There are turning points in each industry that become guides for those working in and leading them. They can serve as an example for what to do in the future or what to avoid in the future but are trajectory-defining either way. It is pretty safe to say that just over a year ago, the critical infrastructure industry experienced one of those points. On May 7, 2021, a ransom note was discovered within the Colonial Pipeline’s IT system. Coupled with a series of other events and threats, this discovery would help set the tone for our approach to industrial control system (ICS) protection and emphasize the need to take on an offensive mindset.
A Year Later – Lessons from Colonial Pipeline
As David Jones wrote for Cybersecurity Dive, “The federal government and private sector are still coming to terms with how to protect operational technology in an increasingly volatile threat environment.” And a key factor sending them into this frenzy was the Colonial Pipeline breach. Following the uncovering of the ransom note, which was attributed to the DarkSide ransomware organization, the company realized that it was an out-of-date VPN account that allowed the attackers to exploit data and threaten a remote siege of the pipeline’s OT network. Ultimately, the incident led to disruption of fuel supply on the East Coast, forced negotiations and an overall re-evaluation of ICS security.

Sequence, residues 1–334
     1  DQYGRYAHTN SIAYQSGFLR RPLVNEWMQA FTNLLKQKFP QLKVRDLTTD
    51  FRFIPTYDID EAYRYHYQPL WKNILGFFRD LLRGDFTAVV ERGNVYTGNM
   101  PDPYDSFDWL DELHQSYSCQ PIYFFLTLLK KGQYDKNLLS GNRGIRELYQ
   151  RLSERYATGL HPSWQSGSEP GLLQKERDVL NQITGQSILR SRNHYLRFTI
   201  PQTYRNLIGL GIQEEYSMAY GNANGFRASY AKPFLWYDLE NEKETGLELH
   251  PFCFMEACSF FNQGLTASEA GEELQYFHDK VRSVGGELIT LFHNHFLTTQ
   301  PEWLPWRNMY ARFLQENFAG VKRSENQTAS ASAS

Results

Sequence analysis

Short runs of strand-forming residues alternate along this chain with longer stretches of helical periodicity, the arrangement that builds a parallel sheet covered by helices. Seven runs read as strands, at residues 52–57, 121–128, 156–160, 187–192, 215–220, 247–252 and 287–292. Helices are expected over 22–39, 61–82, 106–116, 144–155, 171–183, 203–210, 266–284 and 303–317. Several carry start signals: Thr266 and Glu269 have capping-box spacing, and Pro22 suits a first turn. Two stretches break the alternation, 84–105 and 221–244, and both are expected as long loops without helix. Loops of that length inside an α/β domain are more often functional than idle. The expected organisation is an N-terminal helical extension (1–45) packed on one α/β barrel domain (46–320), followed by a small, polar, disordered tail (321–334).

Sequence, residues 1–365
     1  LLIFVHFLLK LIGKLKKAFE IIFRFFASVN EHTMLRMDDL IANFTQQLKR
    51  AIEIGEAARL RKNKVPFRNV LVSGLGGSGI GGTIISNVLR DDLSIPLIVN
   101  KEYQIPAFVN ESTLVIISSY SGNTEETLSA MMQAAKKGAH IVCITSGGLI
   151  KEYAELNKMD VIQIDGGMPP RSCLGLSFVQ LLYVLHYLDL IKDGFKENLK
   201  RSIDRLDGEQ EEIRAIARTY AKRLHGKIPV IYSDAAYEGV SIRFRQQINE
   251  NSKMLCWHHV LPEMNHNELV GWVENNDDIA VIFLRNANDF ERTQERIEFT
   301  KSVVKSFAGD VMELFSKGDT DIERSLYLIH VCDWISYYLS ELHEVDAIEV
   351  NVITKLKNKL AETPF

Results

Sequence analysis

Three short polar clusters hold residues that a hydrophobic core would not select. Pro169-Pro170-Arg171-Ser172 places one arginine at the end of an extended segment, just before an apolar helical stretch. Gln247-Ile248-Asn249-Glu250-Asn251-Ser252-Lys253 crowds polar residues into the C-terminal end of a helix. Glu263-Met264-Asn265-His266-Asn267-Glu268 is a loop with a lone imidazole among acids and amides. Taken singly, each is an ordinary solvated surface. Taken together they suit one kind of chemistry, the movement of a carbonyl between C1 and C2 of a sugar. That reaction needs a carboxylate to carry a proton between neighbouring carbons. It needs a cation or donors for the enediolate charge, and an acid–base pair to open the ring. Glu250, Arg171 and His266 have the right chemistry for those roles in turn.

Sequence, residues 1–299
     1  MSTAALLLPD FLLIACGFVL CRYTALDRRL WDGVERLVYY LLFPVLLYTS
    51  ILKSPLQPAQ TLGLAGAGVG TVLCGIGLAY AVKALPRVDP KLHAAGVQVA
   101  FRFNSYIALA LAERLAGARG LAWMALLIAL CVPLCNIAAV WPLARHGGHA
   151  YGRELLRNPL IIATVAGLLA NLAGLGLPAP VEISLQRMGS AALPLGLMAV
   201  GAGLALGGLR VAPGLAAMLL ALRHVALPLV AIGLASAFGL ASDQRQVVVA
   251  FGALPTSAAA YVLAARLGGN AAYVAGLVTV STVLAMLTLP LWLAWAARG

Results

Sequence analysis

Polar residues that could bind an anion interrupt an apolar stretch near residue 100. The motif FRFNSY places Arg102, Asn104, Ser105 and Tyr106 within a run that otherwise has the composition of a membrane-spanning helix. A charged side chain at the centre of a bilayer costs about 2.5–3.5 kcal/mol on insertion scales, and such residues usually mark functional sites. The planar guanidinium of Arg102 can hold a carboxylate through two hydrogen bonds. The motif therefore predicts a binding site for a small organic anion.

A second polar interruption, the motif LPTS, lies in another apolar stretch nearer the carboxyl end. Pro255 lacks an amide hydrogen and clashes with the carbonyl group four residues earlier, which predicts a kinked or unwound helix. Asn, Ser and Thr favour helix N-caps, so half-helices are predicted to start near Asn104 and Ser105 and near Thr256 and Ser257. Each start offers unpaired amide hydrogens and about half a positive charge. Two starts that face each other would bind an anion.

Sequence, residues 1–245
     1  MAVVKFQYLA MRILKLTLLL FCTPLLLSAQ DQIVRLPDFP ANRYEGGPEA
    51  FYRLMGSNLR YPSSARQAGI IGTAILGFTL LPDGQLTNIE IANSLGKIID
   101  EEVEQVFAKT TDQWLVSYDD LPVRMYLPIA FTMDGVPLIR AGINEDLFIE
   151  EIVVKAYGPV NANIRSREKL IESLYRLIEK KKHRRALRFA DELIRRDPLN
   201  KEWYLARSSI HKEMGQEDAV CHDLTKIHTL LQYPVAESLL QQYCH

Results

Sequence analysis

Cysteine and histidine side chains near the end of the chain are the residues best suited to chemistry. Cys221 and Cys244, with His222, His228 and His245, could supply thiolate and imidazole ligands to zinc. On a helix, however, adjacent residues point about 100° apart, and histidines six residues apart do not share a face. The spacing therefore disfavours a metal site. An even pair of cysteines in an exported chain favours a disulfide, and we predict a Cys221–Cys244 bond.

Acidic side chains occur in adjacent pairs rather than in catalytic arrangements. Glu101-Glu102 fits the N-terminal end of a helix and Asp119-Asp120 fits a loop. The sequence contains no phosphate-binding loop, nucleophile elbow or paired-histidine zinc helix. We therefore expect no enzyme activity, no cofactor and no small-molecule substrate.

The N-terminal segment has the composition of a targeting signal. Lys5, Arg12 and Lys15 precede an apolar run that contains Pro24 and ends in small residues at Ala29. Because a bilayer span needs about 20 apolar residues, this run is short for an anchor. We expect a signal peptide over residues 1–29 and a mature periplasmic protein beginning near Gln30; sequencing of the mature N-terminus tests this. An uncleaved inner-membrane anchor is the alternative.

Included in that re-evaluation was a somewhat new focus on the remote element that played a major role in this and other cyberattacks that unfolded. A trend that was already occurring but fueled by the demands of the pandemic, the transition to remote operations has been increasingly adopted adding both enhanced efficiency and risk. In fact, right before the pandemic even hit, the Ponemon Institute concluded that of 1,726 utility professionals surveyed in October 2019, 54% “expected an attack within a 12-month period,” according to the Cybersecurity Dive article.
Considering these shifts and real-world impacts, it became clear that the energy sector as well as critical infrastructure sectors needed this wake-up call. Since then, many of these sectors have partnered with government and other industry institutions to develop new plans. On top of participating in these actions, Colonial Pipeline has since introduced a CISO role and expanded cybersecurity staff to its ranks.